A macroscopically oriented double diamond inverse bicontinuous cubic phase (QIID) of the lipid glycerol monooleate is reversibly converted into a gyroid phase (QIIG). The initial QIID phase is prepared in the form of a film coating the inside of a capillary, deposited under flow, which produces a sample uniaxially oriented with a ⟨110⟩ axis parallel to the symmetry axis of the sample. A transformation is induced by replacing the water within the capillary tube with a solution of poly(ethylene glycol), which draws water out of the QIID sample by osmotic stress. This converts the QIID phase into a QIIG phase with two coexisting orientations, with the ⟨100⟩ and ⟨111⟩ axes parallel to the symmetry axis, as demonstrated by small-angle X-ray scattering. The process can then be reversed, to recover the initial orientation of QIID phase. The epitaxial relation between the two oriented mesophases is consistent with topology-preserving geometric pathways that have previously been hypothesized for the transformation. Furthermore, this has implications for the production of macroscopically oriented QIIG phases, in particular with applications as nanomaterial templates.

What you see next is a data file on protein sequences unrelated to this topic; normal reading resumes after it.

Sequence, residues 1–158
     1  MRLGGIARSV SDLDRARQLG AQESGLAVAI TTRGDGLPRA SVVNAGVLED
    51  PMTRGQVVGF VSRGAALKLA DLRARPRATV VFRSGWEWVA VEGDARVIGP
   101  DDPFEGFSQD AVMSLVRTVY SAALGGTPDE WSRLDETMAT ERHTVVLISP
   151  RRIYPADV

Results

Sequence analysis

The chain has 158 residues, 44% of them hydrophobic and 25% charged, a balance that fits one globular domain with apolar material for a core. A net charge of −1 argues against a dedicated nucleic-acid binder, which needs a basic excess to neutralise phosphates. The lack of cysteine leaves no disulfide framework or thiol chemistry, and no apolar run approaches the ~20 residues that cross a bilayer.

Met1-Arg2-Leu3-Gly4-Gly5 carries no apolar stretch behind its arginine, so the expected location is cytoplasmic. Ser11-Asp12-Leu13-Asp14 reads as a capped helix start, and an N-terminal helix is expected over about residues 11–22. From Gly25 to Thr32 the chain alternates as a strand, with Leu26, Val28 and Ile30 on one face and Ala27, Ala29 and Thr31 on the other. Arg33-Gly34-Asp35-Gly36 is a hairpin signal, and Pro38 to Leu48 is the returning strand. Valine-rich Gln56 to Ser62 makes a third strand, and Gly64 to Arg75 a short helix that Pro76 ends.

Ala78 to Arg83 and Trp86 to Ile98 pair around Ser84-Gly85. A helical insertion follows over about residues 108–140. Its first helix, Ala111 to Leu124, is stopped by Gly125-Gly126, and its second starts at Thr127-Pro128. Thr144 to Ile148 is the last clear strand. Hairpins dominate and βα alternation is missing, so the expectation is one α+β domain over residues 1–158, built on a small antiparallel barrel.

Seddon, A. M., Hallett, J., Beddoes, C., Plivelic, T. S., & Squires, A. M. (2014). Experimental confirmation of transformation pathways between inverse double diamond and gyroid cubic phases. Langmuir, 30(20), 5705-5710. https://doi.org/10.1021/la5005837